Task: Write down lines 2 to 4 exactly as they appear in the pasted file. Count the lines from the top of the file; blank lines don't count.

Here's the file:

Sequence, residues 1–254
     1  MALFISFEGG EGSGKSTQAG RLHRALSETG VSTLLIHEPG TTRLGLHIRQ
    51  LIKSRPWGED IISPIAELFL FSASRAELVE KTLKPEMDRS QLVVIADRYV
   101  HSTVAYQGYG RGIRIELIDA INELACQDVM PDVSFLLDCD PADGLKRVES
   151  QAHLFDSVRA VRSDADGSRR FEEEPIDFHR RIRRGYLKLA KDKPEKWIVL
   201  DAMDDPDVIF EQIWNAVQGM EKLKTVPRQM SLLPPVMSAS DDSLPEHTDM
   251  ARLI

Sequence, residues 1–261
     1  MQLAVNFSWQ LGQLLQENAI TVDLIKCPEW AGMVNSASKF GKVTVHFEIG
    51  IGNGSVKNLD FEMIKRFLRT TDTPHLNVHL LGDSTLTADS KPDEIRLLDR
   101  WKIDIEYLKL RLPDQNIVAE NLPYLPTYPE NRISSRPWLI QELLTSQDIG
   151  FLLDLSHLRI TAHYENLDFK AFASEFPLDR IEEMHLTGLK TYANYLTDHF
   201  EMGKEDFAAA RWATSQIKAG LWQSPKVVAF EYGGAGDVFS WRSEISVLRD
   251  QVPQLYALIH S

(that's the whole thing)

     1  MALFISFEGG EGSGKSTQAG RLHRALSETG VSTLLIHEPG TTRLGLHIRQ
    51  LIKSRPWGED IISPIAELFL FSASRAELVE KTLKPEMDRS QLVVIADRYV
   101  HSTVAYQGYG RGIRIELIDA INELACQDVM PDVSFLLDCD PADGLKRVES